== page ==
Hearing loss often happens slowly over time. It may also be sudden in some people. Problems in adults may be:
Speech when there is background noise
Lightheadedness or a feeling of spinning known as
Ringing, hissing, or roaring sounds in the ears known as
Sounds that seem too loud
Problems with balance
A feeling of fullness or pressure in the ear
Some people may not know that they have hearing loss. This is common when it happens slowly over time or when it only happens in 1 ear. They may notice:
Problems hearing on the telephone
Problems keeping track of a conversation when 2 or more people are talking at the same time
Misunderstanding what other people are saying and responding the wrong way
Misunderstanding words that sound the same
Asking people to repeat what they said or speak more slowly, loudly, and clearly
Having the TV or radio volume too high
Not entering conversations because of problems hearing
Symptoms of deafness or hearing loss in infants may be:
0 to 3 months:
Does not react to loud sounds or voices
Does not turn head toward someone who is talking
3 to 6 months:
Does not turn toward a new sound
Does not respond to changes in tone of voice
Does not imitate own voice or make babbling or cooing sounds
Does not respond to rattles or toys that make music
6 to 10 months:
Does not respond to own name, another person’s voice, or telephone ringing
Does not make babbling sounds
Does not look at things when someone talks about them
10 to 15 months:
Is not playful with own voice
Does not mimic easy words or sounds
Does not focus on known objects or people when asked
Problems speaking like his or her peers
15 to 18 months:
Does not know or say even a small number of words
Does not follow simple directions
Has more signs of problems speaking like his or her peers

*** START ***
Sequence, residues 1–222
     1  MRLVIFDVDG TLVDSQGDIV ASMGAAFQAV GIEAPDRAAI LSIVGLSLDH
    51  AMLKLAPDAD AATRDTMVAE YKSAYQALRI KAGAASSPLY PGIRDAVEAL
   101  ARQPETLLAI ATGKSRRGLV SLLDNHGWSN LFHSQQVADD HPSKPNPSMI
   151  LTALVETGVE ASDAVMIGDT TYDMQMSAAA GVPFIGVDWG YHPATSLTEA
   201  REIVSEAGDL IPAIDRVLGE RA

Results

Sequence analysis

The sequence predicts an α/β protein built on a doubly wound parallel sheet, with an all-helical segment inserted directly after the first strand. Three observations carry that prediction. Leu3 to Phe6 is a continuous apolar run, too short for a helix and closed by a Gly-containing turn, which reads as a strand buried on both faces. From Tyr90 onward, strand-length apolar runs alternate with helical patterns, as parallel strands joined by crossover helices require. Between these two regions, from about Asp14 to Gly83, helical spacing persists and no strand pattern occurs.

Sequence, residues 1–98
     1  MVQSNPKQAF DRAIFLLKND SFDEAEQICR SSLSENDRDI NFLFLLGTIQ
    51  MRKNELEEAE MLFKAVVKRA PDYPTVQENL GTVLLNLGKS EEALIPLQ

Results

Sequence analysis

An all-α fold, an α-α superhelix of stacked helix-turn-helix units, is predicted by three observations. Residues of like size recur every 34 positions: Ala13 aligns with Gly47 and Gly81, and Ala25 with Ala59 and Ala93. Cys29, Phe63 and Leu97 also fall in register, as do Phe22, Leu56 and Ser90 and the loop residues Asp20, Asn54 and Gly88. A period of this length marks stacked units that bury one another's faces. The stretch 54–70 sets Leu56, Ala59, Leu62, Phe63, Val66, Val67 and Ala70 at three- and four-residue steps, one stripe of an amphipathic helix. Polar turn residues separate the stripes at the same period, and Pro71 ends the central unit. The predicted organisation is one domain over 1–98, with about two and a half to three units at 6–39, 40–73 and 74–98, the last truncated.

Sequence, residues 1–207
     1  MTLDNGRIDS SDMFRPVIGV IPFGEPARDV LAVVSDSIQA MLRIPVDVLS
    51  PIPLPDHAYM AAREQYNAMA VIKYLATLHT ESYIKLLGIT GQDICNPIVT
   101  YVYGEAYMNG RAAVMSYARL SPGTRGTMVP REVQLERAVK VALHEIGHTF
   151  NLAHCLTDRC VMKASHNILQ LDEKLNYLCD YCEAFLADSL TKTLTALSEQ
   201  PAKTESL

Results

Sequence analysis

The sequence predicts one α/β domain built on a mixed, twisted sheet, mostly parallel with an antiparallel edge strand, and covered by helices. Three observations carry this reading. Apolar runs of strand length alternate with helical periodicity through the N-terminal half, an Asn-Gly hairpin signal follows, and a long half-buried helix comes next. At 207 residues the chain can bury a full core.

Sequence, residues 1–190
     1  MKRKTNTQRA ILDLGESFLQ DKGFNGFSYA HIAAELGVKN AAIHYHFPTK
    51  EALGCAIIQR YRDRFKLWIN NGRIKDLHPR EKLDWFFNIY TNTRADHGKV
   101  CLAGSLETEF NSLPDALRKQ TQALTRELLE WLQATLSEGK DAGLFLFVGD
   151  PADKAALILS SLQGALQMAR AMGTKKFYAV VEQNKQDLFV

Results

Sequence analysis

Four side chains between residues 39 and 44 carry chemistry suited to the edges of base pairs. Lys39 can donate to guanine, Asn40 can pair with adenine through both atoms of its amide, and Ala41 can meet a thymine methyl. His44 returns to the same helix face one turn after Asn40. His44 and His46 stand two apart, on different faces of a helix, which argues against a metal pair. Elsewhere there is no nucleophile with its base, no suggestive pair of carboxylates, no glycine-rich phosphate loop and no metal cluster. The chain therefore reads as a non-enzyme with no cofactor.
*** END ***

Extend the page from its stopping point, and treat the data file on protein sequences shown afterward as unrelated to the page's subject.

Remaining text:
Hearing loss. Healthy Children—American Academy of Pediatrics website. Available at: https://www.healthychildren.org/English/health-issues/conditions/ear-nose-throat/Pages/Hearing-Loss.aspx. Updated August 1, 2009. Accessed October 25, 2019.
Hearing loss and older adults. National Institute on Deafness and Other Communication Disorders (NIDCD) website. Available at: https://www.nidcd.nih.gov/health/hearing-loss-older-adults. Updated July 17, 2018. Accessed October 25, 2019.
Stachler RJ, Chandrasekhar SS, et al; American Academy of Otolaryngology-Head and Neck Surgery Foundation (AAO-HNSF). Clinical practice guideline: sudden hearing loss. Otolaryngol Head Neck Surg. 2012 Mar;146(3 Suppl):S1-35.
EBSCO Information Services is fully accredited by URAC. URAC is an independent, nonprofit health care accrediting organization dedicated to promoting health care quality through accreditation, certification and commendation.
This content is reviewed regularly and is updated when new and relevant evidence is made available. This information is neither intended nor implied to be a substitute for professional medical advice. Always seek the advice of your physician or other qualified health provider prior to starting any new treatment or with questions regarding a medical condition.
To send comments or feedback to our Editorial Team regarding the content please email us at firstname.lastname@example.org. Our Health Library Support team will respond to your email request within 2 business days.